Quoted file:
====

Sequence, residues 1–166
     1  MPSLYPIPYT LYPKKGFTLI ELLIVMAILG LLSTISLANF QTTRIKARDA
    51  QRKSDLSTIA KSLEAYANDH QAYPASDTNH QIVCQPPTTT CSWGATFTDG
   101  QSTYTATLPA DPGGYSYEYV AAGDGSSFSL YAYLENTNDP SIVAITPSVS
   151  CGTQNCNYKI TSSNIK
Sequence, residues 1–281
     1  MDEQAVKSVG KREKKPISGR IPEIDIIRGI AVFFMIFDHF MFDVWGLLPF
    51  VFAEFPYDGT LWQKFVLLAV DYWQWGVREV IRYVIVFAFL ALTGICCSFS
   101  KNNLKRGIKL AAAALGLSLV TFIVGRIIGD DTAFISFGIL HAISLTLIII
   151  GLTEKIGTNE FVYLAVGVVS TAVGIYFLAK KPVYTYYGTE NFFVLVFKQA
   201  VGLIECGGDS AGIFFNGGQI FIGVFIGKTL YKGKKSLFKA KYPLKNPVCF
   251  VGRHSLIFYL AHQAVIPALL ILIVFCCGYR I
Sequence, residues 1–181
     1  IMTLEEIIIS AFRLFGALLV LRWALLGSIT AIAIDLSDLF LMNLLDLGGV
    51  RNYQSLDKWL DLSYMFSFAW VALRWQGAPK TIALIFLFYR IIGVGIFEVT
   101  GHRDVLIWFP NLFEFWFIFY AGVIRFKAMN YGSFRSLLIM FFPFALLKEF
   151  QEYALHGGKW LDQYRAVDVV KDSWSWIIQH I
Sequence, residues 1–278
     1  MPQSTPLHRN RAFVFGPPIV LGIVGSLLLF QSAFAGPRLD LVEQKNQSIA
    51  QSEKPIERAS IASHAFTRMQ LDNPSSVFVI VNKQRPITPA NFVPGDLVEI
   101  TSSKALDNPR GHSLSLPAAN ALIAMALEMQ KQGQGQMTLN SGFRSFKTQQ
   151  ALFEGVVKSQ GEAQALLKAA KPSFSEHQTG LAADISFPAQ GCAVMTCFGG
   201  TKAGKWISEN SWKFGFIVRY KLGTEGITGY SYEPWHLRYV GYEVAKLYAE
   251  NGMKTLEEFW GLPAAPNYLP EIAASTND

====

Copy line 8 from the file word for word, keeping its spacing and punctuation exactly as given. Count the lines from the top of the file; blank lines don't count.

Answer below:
    51  VFAEFPYDGT LWQKFVLLAV DYWQWGVREV IRYVIVFAFL ALTGICCSFS